Too many candidates dread the thought of working on a resume. Typically, this fear is the reason why so many resumes are poorly crafted. People often don’t know where to start or what to say, yet interestingly enough, make the same mistakes.  Therefore, if you’re reading this, it’s likely you’ve acknowledged the problem. In order to correct the issue, we must examine the common errors before proceeding to a solution. So, let’s review and unveil the Top 13 reasons why your resume may be an #EPICFAIL.

Note: If you make it to the end, you just may discover what you’re doing wrong and how fix it!


Your C/V is not a journal; leave ‘I, We, Me, My, and Us’ out of it.


As Sports Information Director in my early career, I designed media guides, game day programs and other publications.  What was most important in that ‘work-beyond-content’ was formatting.  The look had to be pristine, spelling correct, including uniform and consistent spacing, underlining, bold text, and fonts.  In my current work as an HR recruiter, I have noticed that many don’t pay enough attention to these fine details and it distracts the eye from the important content.  Pay close attention to all formatting within your C/V.  This is your career publication and it should be produced with pride!


Have you ever spoken to our brave men and women in the military and ask them what they do?  You may get a response like, ’11 Bravo, 2nd Battalion, 101 Airborne,’ when ‘infantry’ would do.  That’s how hiring managers feel when reviewing resumes laden with uncommon acronyms.  Keep in mind that a layman may not know the language of your company or profession.  If you choose to use “uncommon” acronyms, upon first usage, spell it out in its entirety and put the corresponding acronym in parenthesis.  You may then use only the acronym when referencing it later, ie: Greatest of all Time (GOAT).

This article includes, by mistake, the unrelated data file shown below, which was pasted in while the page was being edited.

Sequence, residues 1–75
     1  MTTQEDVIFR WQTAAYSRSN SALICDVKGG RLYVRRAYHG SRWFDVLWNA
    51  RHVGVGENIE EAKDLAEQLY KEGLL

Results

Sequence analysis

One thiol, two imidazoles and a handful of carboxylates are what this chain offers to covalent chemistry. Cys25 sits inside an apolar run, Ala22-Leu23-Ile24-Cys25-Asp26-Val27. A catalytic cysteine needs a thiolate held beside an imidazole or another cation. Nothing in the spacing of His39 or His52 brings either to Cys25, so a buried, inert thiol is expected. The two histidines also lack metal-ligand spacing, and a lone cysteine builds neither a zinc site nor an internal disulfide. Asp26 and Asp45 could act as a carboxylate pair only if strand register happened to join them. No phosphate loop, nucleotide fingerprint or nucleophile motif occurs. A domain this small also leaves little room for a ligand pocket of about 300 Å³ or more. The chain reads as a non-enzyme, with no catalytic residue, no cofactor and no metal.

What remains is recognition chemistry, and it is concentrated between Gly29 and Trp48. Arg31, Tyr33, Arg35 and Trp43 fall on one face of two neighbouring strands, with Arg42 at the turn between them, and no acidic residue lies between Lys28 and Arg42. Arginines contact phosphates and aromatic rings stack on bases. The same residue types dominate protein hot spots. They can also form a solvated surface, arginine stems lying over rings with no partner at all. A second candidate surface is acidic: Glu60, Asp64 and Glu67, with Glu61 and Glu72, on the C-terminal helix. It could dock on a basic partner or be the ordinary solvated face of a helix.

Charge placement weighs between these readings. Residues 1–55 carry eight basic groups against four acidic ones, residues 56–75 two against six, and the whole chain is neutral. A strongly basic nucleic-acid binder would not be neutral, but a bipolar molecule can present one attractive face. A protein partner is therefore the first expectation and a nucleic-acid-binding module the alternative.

HR Leaders and hiring managers want to see career progression.  Thus, it is very important to illustrate those advancements on your C/V.  If you’ve been at a company for 7 years and earned 3 promotions over that span, the title and date should be listed for each promotion.  Don’t just list ‘HR Director May 2007-Apr. 2014.’  It should read: ‘HR Manager May 2007 – June 2009; Sr. HR Manager July 2009-Sept. 2012; HR Director Oct. 2012-Apr. 2014.’ You may lump the title and dates together under that company, followed by a more detailed list of bullet points, or you may list each role separately with supporting bullets.


Most resumes reflect the daily routine of worker bees:  Wake up, clean cell, remove dead bodies, feed larvae, tend to the queen, collect nectar from field workers, control temperature, produce beeswax, guard hive.  That, my friends, is the job description of a bee.  More so than National Geographic, if bees spoke, they’d provide greater insight into the tactical and strategic challenges of managing a hive.  Likewise, when speaking to HR practitioners they spout off the cause, effect, response and resolution of the hive’s problems.  Yet, that information is not often listed anywhere on a resume.  Ladies and gents, if you want the job of the queen, harvest the honey of the hive on your C/V.